Annie McGinnis, class of 2017 and director of communications at Tri-County Electric Cooperative, has attended A&M football games since she was a child. “I was born on Thanksgiving Day, so rumor has it I watched the first Aggie game with my dad the day I was born,” she says. Her father, David McGinnis, class of 1990 and general manager and CEO at Grayson-Collin Electric Cooperative, confirms the tale. “She came at lunchtime, like 11-ish in the morning,” David McGinnis says. “We played TCU that year, and she and I watched that game while Mom slept, sitting in the hospital.”
Annie McGinnis describes the A&M student section as having a “spirit that pretty much engulfs you” and says that any potential discomfort from standing for four hours is no issue for Aggie fans. “There’s so much adrenaline and camaraderie amongst the students who are standing with the 12th Man that you don’t even think about your feet hurting because you’re standing on wobbly bleachers,” she says.
Cameron Smallwood, class of 1996 and CEO and general manager at United Cooperative Services, attended games as a student and has held season tickets for football and basketball games for many years since. “It’s like being part of a big family there cheering on the team,” he says. He likens the student spirit at A&M—and that eagerness to pitch in when needed—to working with an electric cooperative. “It’s a job with purpose,” he says, “so it fits our training pretty well.”
Like the McGinnises and Smallwood—and so many students before and after them—Gill never had to go on the field that winter day in 1922. The team didn’t need him to play after all. In fact, the banged-up country boys from College Station went on to win 22-14, accomplishing one of the biggest upsets college football has ever seen. The game made newspapers nationwide and, by Adams’ estimation, put Texas football—and Texas sports in general—on the map.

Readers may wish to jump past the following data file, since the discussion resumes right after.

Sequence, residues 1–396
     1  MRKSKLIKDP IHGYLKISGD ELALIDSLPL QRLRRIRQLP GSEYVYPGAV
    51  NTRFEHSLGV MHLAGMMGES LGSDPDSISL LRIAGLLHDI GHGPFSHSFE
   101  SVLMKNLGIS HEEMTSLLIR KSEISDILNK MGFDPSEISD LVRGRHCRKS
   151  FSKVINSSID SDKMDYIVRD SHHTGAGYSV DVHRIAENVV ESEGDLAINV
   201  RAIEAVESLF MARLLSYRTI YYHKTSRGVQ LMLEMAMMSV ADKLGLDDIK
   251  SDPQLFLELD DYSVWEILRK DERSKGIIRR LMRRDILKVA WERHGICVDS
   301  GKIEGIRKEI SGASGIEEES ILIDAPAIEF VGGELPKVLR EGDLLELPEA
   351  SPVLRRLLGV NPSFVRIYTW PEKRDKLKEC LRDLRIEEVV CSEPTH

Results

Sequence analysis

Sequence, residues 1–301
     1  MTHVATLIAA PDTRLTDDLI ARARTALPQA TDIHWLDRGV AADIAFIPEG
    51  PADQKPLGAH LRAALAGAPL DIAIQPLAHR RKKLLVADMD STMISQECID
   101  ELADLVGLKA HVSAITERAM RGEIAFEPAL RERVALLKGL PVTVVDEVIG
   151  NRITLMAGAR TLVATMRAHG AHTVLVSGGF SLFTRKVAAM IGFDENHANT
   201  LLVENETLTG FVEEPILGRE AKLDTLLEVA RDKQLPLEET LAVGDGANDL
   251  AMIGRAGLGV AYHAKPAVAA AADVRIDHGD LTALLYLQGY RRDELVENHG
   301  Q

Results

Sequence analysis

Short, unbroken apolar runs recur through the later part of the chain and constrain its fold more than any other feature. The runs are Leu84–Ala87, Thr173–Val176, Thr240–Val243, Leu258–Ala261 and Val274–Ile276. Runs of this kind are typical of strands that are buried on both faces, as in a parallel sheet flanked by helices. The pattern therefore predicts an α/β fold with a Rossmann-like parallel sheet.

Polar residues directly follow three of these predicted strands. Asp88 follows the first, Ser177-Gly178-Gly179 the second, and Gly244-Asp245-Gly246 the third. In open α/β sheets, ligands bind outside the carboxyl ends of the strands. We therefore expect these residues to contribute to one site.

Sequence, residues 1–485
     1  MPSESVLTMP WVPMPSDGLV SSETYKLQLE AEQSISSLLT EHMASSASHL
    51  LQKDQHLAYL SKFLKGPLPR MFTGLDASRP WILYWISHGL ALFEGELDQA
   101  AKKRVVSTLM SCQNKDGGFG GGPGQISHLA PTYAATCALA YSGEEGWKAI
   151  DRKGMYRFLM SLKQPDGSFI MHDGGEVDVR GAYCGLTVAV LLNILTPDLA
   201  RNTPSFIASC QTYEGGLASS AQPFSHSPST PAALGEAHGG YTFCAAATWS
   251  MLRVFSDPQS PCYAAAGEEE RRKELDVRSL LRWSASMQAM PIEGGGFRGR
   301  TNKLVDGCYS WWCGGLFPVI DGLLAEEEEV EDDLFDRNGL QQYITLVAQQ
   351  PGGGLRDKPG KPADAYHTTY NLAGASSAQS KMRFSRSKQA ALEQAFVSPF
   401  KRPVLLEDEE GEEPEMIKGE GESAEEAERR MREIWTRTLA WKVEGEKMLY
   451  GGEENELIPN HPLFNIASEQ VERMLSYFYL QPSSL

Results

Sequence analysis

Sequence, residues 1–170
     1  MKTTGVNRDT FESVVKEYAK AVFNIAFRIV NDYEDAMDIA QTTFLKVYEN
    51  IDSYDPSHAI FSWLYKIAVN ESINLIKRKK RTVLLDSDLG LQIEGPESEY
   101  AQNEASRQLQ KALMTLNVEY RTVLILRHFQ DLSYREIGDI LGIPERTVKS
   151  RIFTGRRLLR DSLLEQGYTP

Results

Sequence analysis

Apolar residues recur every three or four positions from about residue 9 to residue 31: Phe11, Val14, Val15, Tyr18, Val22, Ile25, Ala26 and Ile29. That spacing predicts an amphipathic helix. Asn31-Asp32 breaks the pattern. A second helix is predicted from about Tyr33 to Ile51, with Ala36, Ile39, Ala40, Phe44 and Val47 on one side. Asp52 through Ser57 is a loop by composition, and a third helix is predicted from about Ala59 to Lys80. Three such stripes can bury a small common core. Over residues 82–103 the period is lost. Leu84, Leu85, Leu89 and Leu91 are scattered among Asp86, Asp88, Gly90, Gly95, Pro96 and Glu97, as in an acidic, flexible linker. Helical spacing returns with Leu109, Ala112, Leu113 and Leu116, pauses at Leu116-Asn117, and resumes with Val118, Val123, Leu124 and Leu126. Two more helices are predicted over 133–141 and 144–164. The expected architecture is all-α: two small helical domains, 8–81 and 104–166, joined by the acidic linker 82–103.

“It put a spotlight on sports in the state of Texas. That’s what the Dixie Classic did,” Adams says. “There had been some great SMU teams during that time. There had been some good TCU teams. University of Texas had a good team in 1919. But none of them got any attention—no All-Americans, no recognition, no ranking.”
While attention and accolades are, of course, welcomed with open arms, those aren’t what propel Aggie students to show up on game day, 12th Man towels in hand, and stand for their team. Gill, a longtime Corpus Christi physician, possibly said it best. In a 1964 campus speech, without even a whiff of self-aggrandizement, he talked about that day at Fair Park and his role as the original 12th Man: “I’ve never thought that the 12th Man really belonged to a personality. It belongs to the A&M student body,” he said. “And every one of you can be a 12th Man. You stand up—stand up for what’s right and be ready to serve.”
Correction: January 20, 2022
This story was updated to correct the caption with the picture showing Texas A&M University’s Corps of Cadets’ block Aggie T formation. The 1920 photo was taken at a football game against Baylor University at the Cow Palace in Waco, not Kyle Field in College Station. Researchers at Texas A&M’s Cushing Memorial Library & Archives confirmed the location.